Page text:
The C.W. Henry Elementary School in Mt. Airy just became the 5th city school that must close due to the discovery of asbestos in the building.
The C.W. Henry Elementary School in Mt. Airy just became the 5th city school that must close due to the discovery of asbestos in the building, and the fourth in just the past two months.
According to a statement sent to parents by school principal Ty Ross, the districtwide testing triggered by the discovery of asbestos in Building 21 has revealed that there is some asbestos above ceiling tiles on the first floor of the building.
“I just found out the following information a couple of hours ago and wanted to make sure you heard it from me first,” Ross wrote. “As you may know, C.W Henry School is among one of the oldest buildings in the district and for decades has had records labeling most of its plaster “no asbestos detected” based on tests in the 1990s…New sampling shows that certain plaster ceilings do, in fact, contain asbestos.”
The affected area has been contained and separated from the rest of the school and abatement is expected to take about two weeks, Ross said.
As a result, the school was closed on Monday and classes shifted to virtual learning starting on Tuesday. Also starting on Monday, families were able to come to the school on Carpenter Lane to pick up meals and Chromebooks, from 8 a.m. to 3:30 p.m. Classes will remain online at least through May 5.
“The District is working diligently to develop plans for repairs, cleaning, and air quality testing to determine a timeline for next steps,” Ross wrote in the statement. “I will reach out with an update sometime early next week, once I receive updates from the District and the environmental contractors.”
For the remainder of the virtual learning period, meals will be available for pickup from 1 p.m. to 2 p.m. Monday through Friday, Ross said.
This is the fifth Philadelphia school to close because of environmental hazards this school year. Building 21, Frankford High School and Mitchell Elementary are currently closed. Simon Gratz High School Mastery Charter, whose building is owned by the district, was closed and reopened in March.
The physical condition and chronic underfunding of Philadelphia’s public schools has become an issue during the city’s political campaign season, and candidates for both mayor and city council have been responding in the form of campaign promises – whether pledging to increase oversight of school district spending or push harder for more state funding.
In a statement yesterday, Councilmember Cindy Bass – who has also called for more state funding – argued that students must be able to attend school in classrooms that are safe. Bass’ 8th District includes the Henry School.
“I am disappointed that another Philadelphia school has been shuttered due to asbestos,” she said in a statement yesterday. “However, it is imperative our children be able to learn in a carcinogen-free environment. Consequently, I fully expect every school to be inspected and undergo asbestos removal swiftly so students can return to in-person learning."
Seth Anderson-Oberman, who is running to replace Bass in the 8th District, said the city’s students deserve better.
"As a parent of two Philadelphia public school students, a board member of the Philadelphia Student Union, a former organizer and political director of the American Federation of Teachers and an 8th district resident; this news is personal,” Anderson-Oberman said. “Alongside teachers and staff, our public school students continue to be unjustly exposed to toxic environments. Our children are suffering the consequences of decades of disinvestment from our public schools. Enough is enough.”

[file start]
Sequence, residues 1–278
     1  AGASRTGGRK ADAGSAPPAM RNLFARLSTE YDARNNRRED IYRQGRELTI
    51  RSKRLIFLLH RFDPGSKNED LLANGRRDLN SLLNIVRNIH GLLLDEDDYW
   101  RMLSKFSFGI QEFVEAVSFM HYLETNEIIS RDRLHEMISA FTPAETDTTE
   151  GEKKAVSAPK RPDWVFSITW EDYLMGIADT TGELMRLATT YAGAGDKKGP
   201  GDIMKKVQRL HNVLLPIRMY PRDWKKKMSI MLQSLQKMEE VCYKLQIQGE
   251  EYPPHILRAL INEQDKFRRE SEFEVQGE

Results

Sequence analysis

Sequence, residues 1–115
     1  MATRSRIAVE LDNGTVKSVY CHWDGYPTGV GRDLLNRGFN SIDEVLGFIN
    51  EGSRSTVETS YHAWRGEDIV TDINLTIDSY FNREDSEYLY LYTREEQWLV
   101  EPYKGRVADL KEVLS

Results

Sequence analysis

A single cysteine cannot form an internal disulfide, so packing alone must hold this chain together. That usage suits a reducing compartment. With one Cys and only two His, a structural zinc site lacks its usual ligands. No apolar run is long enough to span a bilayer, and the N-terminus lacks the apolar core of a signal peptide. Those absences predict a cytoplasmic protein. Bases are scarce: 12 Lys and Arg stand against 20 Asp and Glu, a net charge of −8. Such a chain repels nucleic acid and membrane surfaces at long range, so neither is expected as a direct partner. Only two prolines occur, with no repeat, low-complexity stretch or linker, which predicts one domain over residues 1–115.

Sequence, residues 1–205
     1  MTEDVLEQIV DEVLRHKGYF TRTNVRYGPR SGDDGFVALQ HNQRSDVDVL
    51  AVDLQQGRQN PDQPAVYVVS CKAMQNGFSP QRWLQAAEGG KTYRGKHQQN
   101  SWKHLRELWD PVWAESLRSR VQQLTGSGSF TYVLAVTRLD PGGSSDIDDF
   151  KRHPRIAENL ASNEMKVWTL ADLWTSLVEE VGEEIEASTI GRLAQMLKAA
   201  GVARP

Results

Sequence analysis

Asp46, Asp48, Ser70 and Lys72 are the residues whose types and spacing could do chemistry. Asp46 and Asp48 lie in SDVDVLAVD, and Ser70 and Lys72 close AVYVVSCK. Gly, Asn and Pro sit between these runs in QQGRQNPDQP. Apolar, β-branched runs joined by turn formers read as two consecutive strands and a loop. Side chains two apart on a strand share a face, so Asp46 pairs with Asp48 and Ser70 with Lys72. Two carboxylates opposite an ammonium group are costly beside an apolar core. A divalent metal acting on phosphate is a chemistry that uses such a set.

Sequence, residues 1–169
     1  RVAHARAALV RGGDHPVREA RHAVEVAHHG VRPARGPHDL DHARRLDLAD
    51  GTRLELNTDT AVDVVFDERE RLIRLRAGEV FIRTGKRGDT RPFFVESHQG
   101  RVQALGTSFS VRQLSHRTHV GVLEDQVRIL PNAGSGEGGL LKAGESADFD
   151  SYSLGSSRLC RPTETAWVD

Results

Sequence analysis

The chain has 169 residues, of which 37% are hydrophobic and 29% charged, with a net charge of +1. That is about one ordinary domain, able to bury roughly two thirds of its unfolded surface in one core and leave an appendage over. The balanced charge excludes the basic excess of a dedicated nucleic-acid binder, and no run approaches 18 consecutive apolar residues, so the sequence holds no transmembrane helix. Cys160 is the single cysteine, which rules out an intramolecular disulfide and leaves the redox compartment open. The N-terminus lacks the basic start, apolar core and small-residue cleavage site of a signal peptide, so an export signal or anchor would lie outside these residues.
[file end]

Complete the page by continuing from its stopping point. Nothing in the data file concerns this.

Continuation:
School board president Reginald Streater, whose children attend Henry, said in a statement that the closure underscores the need to “continue to put our collective arms around all things school district.”
In a statement, Philadelphia Federation of Teachers president Jerry Jordan said this new closure, like those before it, throws the system into a level of chaos that would never be tolerated in a wealthier district.
“These closures, while necessary in the wake of the discovery of toxic damaged asbestos, are deeply disruptive,” he said. “Students, families, and educators are left to pick up the pieces of a system of disinvestment. Parents have to make arrangements quickly, and staff has to figure out how and where they will be teaching while work takes place.”
"Time and again, we see the very real consequences of a failure to invest in our young people and their right to a thorough and efficient system of public education,” he continued. “The ongoing facilities crisis, which would never be tolerated in a wealthier, whiter school district, is a searing example of the impact of decades of disinvestment.”
Still, Jordan said, he appreciates the fact that the new administration is making the call to close the schools given the health risks.
"I greatly appreciate the new administration's commitment to transparency and to taking swift action as problems are uncovered – a marked difference from the prior administration,” he said. "We cannot sit idly by while dangerous conditions are discovered at school after school – we can and must have a clear action plan to ensure that we have tangible steps towards securing what is, in fact, a basic human right: a safe building in which to learn and work."
Ross, meanwhile, said the discovery of asbestos at Henry actually means the system is working, and that more may be discovered throughout the district.
“The District recognizes this new information may understandably raise questions and concerns,” Ross said. “This is not an indication of the program failing, but rather the program is working to protect health and safety through the identification and management of environmental concerns.”